Mike Doughty

The intellectual

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By Gary Graff  

Mike Doughty is one of those brainy songwriting cats. He doesn't try to be too smart for the room. But he's got such a powerful intellect, he can't really help it if it comes out that way sometimes.

Fortunately the former Soul Coughing frontman is also a first-rate tunesmith, and the combination of intellect and harmonic irresistibility makes the wryly titled Haughty Melodic a first-rate singer-songwriter effort that gets better with every listen. It marks Doughty's first full-band outing since Soul Coughing split up in 2000, and he's chosen his partners wisely -- including producer Dan Wilson of Semisonic, Dave Matthews (Doughty's duet partner on the good-humored waltz, "Tremendous Brunettes"), N.E.R.D. drummer Eric Fawcett, and the well-credentialed cellist Jan Scarpantoni, whose melancholy drone brings an underlying spirit to the blend.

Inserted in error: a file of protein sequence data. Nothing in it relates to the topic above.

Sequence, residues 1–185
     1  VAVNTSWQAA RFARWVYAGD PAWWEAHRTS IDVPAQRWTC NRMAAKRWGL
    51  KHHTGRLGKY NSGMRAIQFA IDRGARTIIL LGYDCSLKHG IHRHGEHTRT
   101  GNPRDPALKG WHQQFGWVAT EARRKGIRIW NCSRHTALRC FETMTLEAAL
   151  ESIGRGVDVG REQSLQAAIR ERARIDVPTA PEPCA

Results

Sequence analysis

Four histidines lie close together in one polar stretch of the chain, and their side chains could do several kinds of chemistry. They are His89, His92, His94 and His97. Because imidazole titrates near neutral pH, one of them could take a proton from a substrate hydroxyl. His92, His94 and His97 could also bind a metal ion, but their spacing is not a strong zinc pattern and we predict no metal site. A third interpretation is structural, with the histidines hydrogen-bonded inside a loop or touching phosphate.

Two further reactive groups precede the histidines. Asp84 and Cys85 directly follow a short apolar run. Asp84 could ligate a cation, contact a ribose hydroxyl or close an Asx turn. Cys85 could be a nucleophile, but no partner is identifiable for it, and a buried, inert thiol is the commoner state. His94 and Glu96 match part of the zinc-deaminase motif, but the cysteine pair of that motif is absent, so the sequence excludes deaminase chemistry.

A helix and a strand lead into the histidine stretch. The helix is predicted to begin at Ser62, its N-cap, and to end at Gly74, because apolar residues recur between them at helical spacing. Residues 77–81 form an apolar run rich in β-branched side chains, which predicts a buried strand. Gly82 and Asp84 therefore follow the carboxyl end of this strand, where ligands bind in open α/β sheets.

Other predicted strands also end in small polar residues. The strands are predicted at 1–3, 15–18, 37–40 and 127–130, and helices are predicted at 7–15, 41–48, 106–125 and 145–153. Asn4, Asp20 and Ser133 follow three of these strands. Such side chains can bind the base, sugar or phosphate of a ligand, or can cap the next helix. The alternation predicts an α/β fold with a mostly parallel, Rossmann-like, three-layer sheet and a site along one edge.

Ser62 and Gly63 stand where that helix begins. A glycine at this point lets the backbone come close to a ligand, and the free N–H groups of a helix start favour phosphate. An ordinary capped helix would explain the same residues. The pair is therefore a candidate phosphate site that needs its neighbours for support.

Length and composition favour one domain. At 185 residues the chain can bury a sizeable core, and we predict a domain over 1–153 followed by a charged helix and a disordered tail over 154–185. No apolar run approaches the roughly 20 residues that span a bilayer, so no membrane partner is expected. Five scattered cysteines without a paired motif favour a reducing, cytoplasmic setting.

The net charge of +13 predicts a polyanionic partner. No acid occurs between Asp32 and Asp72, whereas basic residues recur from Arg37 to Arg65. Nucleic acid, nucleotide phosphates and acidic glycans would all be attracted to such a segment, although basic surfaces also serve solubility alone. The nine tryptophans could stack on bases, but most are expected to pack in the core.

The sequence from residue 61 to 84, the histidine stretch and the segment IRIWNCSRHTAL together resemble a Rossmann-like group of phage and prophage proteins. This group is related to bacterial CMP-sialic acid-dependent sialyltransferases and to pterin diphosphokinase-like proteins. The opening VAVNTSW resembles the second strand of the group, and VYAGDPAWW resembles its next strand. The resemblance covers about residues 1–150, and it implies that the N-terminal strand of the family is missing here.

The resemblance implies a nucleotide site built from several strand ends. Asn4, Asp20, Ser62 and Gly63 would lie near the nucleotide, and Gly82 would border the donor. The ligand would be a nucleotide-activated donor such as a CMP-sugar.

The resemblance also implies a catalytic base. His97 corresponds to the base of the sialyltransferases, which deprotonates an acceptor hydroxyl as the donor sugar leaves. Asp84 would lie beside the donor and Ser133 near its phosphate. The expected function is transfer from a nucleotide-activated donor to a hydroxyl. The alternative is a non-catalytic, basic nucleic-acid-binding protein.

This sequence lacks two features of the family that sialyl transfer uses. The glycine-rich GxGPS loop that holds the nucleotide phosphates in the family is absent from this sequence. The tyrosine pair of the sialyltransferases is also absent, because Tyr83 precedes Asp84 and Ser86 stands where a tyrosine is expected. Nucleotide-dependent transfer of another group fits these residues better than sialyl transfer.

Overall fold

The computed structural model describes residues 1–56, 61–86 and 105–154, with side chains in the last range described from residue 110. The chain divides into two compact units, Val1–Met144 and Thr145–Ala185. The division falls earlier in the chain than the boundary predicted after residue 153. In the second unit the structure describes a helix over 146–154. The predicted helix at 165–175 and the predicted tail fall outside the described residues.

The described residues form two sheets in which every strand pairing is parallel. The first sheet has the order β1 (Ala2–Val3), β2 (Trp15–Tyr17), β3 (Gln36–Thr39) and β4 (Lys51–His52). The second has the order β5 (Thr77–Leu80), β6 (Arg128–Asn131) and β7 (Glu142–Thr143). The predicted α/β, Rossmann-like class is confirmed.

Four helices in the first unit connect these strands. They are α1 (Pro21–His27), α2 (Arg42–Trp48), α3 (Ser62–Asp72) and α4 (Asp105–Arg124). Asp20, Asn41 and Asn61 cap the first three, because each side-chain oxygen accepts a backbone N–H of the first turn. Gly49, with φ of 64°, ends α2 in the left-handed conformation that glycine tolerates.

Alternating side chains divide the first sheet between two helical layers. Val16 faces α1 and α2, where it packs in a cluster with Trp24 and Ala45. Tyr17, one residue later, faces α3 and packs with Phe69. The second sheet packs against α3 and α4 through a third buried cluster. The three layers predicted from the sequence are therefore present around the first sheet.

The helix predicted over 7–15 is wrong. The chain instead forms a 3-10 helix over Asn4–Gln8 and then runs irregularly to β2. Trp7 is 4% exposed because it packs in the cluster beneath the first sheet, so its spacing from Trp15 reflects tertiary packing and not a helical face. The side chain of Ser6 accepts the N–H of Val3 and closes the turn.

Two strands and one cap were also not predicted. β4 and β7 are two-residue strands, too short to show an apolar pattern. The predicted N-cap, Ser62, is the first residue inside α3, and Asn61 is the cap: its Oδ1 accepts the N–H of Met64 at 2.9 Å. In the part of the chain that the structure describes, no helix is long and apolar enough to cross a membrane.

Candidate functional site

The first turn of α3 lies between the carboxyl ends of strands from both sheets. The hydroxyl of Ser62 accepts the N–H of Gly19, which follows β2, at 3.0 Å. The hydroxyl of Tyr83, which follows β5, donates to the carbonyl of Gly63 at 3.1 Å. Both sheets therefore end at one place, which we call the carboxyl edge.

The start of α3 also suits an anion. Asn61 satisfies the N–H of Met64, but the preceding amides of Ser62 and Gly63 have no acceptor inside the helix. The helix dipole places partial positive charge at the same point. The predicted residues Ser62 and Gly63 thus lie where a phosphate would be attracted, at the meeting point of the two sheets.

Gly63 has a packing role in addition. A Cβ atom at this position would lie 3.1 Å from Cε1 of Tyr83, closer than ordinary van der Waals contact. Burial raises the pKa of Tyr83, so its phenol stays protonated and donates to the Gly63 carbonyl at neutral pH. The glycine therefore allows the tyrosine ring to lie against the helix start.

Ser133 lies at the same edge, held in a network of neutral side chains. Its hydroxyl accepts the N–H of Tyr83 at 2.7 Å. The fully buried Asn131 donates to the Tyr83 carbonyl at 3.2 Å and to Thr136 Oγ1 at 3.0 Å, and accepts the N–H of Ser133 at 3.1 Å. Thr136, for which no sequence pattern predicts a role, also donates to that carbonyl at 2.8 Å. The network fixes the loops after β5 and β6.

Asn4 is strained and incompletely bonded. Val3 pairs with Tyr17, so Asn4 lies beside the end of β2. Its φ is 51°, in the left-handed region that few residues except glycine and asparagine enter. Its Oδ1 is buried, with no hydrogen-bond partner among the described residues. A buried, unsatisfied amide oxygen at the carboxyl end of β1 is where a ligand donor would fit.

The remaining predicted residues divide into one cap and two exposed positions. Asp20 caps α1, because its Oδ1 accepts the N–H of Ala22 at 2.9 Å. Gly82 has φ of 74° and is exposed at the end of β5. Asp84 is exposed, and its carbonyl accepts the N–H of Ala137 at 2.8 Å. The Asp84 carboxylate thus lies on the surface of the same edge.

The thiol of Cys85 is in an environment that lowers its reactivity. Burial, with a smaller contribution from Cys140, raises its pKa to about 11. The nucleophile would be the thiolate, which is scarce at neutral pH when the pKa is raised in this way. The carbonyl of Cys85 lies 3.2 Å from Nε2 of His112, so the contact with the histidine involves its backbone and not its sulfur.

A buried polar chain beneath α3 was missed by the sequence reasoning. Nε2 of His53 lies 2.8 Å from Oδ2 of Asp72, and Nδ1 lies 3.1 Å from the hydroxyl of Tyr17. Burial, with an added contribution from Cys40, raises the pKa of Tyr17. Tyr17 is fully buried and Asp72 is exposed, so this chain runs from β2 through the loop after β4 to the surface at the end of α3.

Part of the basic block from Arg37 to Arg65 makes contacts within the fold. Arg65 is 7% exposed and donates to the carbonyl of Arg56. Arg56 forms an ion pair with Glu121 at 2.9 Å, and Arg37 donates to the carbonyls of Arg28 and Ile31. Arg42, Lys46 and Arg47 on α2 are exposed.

Doughty offers plenty of sharp social commentary in songs such as "Busting Up a Starbucks," "White Lexus," "American Car" and "Looking at the World From the Bottom of a Well," although with at least a hint of hopefulness -- "When your faith in life is gone/Come and speak to me" he offers in the rustic "Your Misfortune."

Sharp arrangements abound throughout the album's dozen tracks, marked by hypnotic grooves and mood shifts that are best accomplished on tracks like "I Hear the Bells" and "Unsingable Name." With musical results this winning, Doughty does have every right to feel at least a little haughty.

Gary Graff writes extensively about music. His work has appeared widely in such publications as The New York Times, The Boston Globe, The San Francisco Chronicle, The Detroit Free Press, and Billboard.